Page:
Nicholas Biwott's name instilled fear in those he met

The then-Foreign Affairs and International Co-operation minister, Dr Robert Ouko (left), introduces his Energy colleague Nicholas Biwott (centre) and his wife to US President Jimmy Carter at a reception by now-defunct bank BCCI in Nairobi. PHOTO | FILE | NATION MEDIA GROUP

What you need to know:

  • Biwott was not one of those names you bandied around.

  • Interestingly, none of the allegations lined up against him withstood the test of proof.

  • The media crowned him the most powerful man in the President Daniel arap Moi regime.

Nicholas Kipyator Biwott, who died on Tuesday, was a man whose impact on the fabric of Kenya’s political history is etched in controversy and fear.

The Nyayo-era Cabinet minister will be remembered for the air of mystery that he cultivated around himself and the sense of dread he instilled on an entire nation.

In this one final act, the larger-than-life persona exits the stage and we are none the wiser about the man whose very mention once instilled fear and paralysis in those who encountered it.

Biwott was not one of those names you bandied around.


He wore a cloak of deep mystery and dark dread easily, making him one of the most-feared—and, perhaps, most-misunderstood—public figures in Kenya.

Interestingly, none of the allegations lined up against him withstood the test of proof.

Instead, his reward was a double portion of hefty court awards when he sued for defamation and won.

In December 2000, Biwott sued British publishers and printers of the book Dr Ian West’s Case Book, authored by British journalist Chester Stern, and two Nairobi bookshops that distributed it.


Dr West was the Scotland Yard pathologist involved in investigations into the death of Foreign Affairs minister John Robert Ouko in 1990.

High Court judge Alnasir Visram awarded Biwott Sh30 million in damages—the highest-value ever award for a defamation case in Kenya—in the case against the publisher.

Biwott also won Sh10 million from Book Point.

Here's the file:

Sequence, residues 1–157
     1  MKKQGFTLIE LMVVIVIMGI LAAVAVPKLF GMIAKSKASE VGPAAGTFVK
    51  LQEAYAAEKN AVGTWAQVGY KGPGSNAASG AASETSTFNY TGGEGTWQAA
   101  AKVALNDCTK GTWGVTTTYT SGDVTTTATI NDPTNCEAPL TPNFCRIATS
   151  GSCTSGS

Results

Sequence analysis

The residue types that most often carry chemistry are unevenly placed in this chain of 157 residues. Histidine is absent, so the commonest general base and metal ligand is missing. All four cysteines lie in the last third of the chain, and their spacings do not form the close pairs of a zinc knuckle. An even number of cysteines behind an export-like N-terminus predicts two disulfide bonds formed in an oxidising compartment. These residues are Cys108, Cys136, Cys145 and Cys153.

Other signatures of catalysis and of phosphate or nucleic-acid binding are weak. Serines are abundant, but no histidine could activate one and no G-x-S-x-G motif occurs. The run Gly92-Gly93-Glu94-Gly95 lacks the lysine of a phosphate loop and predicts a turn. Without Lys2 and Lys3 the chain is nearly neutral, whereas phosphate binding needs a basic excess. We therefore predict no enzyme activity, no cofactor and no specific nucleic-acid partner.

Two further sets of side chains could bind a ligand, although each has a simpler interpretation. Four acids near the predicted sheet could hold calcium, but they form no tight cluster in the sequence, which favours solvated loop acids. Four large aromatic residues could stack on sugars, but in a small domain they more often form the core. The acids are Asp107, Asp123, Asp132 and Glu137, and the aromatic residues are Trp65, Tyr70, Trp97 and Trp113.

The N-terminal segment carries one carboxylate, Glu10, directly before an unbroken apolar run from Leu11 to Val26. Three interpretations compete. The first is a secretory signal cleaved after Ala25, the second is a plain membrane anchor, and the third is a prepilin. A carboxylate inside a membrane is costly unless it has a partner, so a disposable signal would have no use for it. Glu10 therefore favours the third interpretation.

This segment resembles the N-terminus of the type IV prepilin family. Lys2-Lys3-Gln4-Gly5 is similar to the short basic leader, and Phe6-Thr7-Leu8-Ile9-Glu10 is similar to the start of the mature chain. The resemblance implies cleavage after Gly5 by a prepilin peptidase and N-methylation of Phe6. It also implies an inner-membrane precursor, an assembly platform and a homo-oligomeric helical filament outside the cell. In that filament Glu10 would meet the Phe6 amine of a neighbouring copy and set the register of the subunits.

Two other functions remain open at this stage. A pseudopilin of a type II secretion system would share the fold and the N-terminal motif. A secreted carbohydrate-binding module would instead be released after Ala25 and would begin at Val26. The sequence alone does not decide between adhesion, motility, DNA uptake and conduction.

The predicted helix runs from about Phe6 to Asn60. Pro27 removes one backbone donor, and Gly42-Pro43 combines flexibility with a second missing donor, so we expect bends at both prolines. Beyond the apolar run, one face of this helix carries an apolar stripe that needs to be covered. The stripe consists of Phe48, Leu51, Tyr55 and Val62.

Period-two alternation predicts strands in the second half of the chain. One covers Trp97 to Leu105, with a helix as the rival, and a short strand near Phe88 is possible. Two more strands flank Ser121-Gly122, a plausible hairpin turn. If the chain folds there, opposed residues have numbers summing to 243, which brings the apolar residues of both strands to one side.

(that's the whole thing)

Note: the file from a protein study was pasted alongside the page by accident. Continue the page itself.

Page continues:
The media crowned him the most powerful man in the President Daniel arap Moi regime.


His massive wealth and closeness to the Head of State served him well, stoking the fires of his perceived invincibility.

In the court of public opinion, the name “Biwott” elicited a mixture of awe, fear, hatred and anger as Kenyans grew increasingly restless of the authoritarian one-party rule of Kanu.

At one time, a leading cartoonist, Maddo, drew a rather humorous caricature that captured the fear that Biwott cast on the national psyche.

It depicted members of the public discussing the carcass of a cow lying by the roadside. In dreadful whispers, they said: “The Total Man must have killed it.”


I did not quite appreciate how much dread Biwott could elicit until our brief encounter during the early days of President Moi’s “cooperation” with the then-leader of opposition Jaramogi Oginga Odinga, the Nasa presidential candidate Raila Odinga’s late father.

Moi had travelled to Odinga’s Bondo home to address a rally in a public display of their newfound political unity.

I was the Nation Media Group bureau chief for western Kenya region. I covered the function.

Before the speeches, Biwott walked from the dais to where I stood. Smiling, he greeted me cordially and he took my left hand then pulled me gently towards him and asked me to follow him.


We walked in silence to the back of the main tent. I could feel my heart pounding in my mouth! I had no idea what ‘Total Man’ had in store for me. In those few strides, my mind conjured up many disturbing images.